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At CAST2011, Chris Blain spoke about troubleshooting tips he's found helpful as a tester. Ones I especially identified with:

  • Model
  • Take no one's word, and make no assumptions
  • Look for other causes
  • Ask who, what, where, when, to what extent - about everything
  • Debug as well as the developer you respect the most

Other troubleshooting tips you've found helpful?

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Along the lines of Joe - discuss with others and don't be reluctant to bring in an extra pair of eyes. This helps with "make no assumptions" and is a good de-focusing exercise.

No matter how well we try not to make assumptions it is quite easy to slip into them without realizing. Therefore, describing your findings and approach to someone else is very productive - it opens you up to questioning yourself - the other pair of eyes asking, "why did you do that?"

Some more thoughts related to showing your working are here:

http://testers-headache.blogspot.com/2010/06/showing-your-thinking-or-thought.html

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Here's another tip:

  • Make your findings public, so that others can pitch in, make suggestions, amplify, or otherwise provide aid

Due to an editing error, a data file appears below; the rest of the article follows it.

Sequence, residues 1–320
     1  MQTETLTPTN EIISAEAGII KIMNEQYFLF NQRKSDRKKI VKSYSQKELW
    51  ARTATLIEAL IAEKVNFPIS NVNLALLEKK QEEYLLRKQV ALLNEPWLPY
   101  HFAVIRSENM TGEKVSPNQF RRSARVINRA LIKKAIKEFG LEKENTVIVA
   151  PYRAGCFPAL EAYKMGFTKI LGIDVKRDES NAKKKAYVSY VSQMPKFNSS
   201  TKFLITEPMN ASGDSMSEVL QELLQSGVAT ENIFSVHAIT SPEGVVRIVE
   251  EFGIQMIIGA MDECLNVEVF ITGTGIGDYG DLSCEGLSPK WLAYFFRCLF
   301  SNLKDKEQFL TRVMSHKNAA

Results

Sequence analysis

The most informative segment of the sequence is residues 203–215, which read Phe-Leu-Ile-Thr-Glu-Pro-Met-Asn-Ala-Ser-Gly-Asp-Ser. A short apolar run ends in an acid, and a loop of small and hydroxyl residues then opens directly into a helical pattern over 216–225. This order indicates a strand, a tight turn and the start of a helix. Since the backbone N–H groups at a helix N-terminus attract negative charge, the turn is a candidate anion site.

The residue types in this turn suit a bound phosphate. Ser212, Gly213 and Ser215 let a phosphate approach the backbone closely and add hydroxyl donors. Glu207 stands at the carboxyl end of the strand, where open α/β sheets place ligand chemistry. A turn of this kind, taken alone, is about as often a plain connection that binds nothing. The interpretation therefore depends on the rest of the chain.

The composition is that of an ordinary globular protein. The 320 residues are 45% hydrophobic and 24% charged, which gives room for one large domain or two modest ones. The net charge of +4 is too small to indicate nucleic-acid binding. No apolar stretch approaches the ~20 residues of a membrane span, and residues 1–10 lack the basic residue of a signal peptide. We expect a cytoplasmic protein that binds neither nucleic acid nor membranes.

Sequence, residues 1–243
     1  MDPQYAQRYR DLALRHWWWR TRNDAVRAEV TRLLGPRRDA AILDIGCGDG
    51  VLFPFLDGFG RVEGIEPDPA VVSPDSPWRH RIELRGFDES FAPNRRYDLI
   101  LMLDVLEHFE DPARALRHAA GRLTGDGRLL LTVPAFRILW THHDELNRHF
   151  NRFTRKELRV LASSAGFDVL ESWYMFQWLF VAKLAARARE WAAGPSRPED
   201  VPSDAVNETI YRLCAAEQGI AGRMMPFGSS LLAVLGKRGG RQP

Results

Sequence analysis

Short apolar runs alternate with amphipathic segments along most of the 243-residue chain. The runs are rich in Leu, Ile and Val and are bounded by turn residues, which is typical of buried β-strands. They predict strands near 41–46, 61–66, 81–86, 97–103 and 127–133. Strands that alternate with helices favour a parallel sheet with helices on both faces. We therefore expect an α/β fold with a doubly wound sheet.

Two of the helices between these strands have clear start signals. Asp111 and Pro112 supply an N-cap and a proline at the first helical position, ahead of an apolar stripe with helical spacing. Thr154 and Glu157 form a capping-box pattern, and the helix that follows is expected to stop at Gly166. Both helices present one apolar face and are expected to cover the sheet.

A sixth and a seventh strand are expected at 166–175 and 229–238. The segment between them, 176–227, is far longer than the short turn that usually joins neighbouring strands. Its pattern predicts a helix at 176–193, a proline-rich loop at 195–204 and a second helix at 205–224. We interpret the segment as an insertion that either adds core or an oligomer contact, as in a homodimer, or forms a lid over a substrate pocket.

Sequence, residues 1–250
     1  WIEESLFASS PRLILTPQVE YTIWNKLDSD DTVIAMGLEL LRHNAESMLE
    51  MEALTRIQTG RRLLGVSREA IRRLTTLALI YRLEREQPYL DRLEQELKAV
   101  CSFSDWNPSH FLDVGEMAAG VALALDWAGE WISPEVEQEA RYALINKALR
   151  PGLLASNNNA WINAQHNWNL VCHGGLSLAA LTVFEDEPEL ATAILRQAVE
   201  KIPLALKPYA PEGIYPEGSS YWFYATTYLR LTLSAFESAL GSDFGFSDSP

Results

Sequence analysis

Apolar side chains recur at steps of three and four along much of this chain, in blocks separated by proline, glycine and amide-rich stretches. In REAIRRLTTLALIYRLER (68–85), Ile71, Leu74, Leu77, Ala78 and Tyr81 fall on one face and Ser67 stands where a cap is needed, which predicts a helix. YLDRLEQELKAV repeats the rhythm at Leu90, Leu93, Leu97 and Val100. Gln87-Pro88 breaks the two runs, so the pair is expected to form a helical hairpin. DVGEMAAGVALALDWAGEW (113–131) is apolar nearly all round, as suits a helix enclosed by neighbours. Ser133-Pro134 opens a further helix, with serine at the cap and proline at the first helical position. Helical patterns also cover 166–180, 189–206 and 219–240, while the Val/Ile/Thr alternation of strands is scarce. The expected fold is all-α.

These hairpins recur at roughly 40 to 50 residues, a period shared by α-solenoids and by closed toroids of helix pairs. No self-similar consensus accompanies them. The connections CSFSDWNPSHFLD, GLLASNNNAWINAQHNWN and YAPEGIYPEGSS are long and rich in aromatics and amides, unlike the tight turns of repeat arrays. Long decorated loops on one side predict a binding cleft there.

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  • 1
    I always like the idea of "testing as a conversation". Making findings public can help with this. – joshin4colours Aug 16 '11 at 17:18
  • This a thousand times over. We can survive as testers by ourselves, but we can thrive as an active community :) – maznika Jul 6 '12 at 23:42
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Lessons Learned in Software Testing by Cem Kaner et al is a classic source for this kind of wisdom. If you want testing advice from experienced testers, it's a great place to start. You might not agree with everything, but it will get you thinking about how you approach testing in new ways - and that's really the intent of the book.

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Ask, "Why?" And keeping asking why until you've arrived at the real root cause.

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